Resettlement of Bhutanese refugees reaches 100,000 milestone


The UN Refugee Agency (UNHCR) and the International Organization for Migration (IOM) today marked a major milestone in the resettlement of refugees from Bhutan in Nepal, with 100,000 people having been referred for resettlement to third countries since 2007. Nearly 80,000 of them have started new lives in eight different countries.

A resettling woman of 77-years-old at IOM transit center, Baluwatar, Kathmandu/BNS

“Making 100,000 submissions and reaching nearly 80,000 departures are incredible achievements in the history of this refugee programme and for UNHCR,” said Diane Goodman, UNHCR Acting Representative in Nepal.

“We have been able to achieve these major milestones thanks to the generosity of the resettlement countries and our donors, the great support of the Government of Nepal, and the resilience of the refugees,” she added. “Appreciation also goes to IOM for their exemplary partnership, and to UNHCR colleagues as well as WFP and NGO partners for their hard work.”

Since the large scale third country resettlement programme started in Nepal six years ago, UNHCR has been interviewing refugees and referring them to resettlement countries for consideration. Once the refugees are accepted by resettlement countries, IOM conducts health assessments, organizes cultural orientation courses and transports the refugees from Nepal to their new homes, according to a joint press circular issued by IOM and UNHCR, Friday.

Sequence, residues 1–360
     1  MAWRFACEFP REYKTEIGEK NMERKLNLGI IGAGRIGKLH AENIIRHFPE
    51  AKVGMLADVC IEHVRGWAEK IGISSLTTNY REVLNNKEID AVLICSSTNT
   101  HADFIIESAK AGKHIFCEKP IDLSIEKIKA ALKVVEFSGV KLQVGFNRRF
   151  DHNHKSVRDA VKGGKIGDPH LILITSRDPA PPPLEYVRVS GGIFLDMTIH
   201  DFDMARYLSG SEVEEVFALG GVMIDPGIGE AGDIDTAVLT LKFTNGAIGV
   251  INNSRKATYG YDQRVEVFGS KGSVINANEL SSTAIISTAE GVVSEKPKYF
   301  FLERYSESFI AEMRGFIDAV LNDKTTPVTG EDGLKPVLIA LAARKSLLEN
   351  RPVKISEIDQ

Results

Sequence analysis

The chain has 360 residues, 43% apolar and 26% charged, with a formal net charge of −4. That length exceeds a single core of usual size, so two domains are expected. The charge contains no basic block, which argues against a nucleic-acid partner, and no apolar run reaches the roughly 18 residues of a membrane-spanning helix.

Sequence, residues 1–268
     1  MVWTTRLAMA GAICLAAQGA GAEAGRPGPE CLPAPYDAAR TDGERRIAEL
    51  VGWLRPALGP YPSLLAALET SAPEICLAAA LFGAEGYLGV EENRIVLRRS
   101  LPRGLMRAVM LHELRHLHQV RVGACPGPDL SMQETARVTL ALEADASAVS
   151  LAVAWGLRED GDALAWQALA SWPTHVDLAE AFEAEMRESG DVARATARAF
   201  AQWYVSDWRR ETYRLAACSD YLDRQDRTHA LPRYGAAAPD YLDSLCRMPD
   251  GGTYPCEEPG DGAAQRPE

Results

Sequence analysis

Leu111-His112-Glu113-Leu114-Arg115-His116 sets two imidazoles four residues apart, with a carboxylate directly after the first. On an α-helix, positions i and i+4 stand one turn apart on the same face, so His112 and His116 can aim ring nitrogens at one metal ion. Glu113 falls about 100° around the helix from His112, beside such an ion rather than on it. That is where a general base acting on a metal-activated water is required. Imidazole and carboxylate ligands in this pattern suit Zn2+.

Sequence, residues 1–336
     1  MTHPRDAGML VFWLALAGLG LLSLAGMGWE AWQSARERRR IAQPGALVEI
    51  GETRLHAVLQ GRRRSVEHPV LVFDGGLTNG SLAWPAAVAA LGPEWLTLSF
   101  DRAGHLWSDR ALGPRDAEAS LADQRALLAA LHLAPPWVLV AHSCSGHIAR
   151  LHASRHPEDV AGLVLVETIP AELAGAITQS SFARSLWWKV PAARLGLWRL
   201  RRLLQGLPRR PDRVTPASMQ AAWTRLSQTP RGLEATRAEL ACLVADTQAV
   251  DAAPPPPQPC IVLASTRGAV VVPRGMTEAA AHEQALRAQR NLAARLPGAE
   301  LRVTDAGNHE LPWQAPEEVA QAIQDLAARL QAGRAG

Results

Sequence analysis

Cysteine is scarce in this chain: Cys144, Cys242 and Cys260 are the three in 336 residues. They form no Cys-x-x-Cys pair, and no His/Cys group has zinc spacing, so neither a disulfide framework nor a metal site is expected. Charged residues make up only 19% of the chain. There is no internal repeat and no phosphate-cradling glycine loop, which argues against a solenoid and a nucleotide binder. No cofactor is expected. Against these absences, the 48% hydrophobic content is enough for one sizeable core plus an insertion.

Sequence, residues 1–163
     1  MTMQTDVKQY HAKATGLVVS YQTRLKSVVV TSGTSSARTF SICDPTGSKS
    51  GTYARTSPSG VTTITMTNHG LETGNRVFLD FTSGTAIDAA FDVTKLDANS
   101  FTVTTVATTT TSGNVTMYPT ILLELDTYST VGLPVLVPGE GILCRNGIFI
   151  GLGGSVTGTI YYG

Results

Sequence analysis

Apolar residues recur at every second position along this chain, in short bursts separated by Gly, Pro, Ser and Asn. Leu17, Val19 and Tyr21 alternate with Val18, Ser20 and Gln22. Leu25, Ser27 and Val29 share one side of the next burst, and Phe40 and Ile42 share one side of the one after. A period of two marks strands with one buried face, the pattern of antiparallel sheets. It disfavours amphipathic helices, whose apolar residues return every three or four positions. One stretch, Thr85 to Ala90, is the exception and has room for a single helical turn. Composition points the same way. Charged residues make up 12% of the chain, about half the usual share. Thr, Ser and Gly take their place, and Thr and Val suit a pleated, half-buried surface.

The time between the submission of a case to the resettlement country and departure to a third country involves a number of steps: interview of the refugees by the resettlement countries, medical examinations, issuance of exit permits to those refugees accepted for resettlement, cultural orientation, and travel arrangements, added the statement.

US Envoy to Nepal Peter W Bodde (second from right in the first row), representatives of IOM, UNHCR, mediapersons at the press meet in Baluwatar, Kathmandu/BNS

The acceptance rate of UNHCR’s referrals by resettlement countries currently stands at 99.4 per cent of total submissions – the highest in the world.

The United States of America has accepted the largest numbers (66,134), followed by Canada (5,376), Australia (4,190), New Zealand (747), Denmark (746), Norway (546), the Netherlands (326) and the United Kingdom (317).

“We look back at these one hundred thousand stories with resolve and inspiration. We pay tribute to the courage of these women, men and children and to the generosity of those who welcome them at the other end,” said Maurizio Busatti, IOM Chief of Mission in Nepal.

The statement further said that UNHCR would continue to provide in-depth and targeted information on resettlement to the refugees through mobile information counseling in the camps.

” We count on resettlement countries to facilitate the speedy departure of refugees they have accepted for resettlement and to continue their strong support in finding comprehensive solutions for the remaining refugees from Bhutan,” said Diane Goodman.

With nearly 80,000 refugees resettled from the original population of 108,000, the seven refugee camps in eastern Nepal have been merged into two, Sanischare and Beldangi.

Six years into the programme, there is still a steady stream of interest in resettlement from the refugee population. Amongst the over 38,000 remaining refugees, some 29,000 have thus far expressed an interest in resettlement, added the report.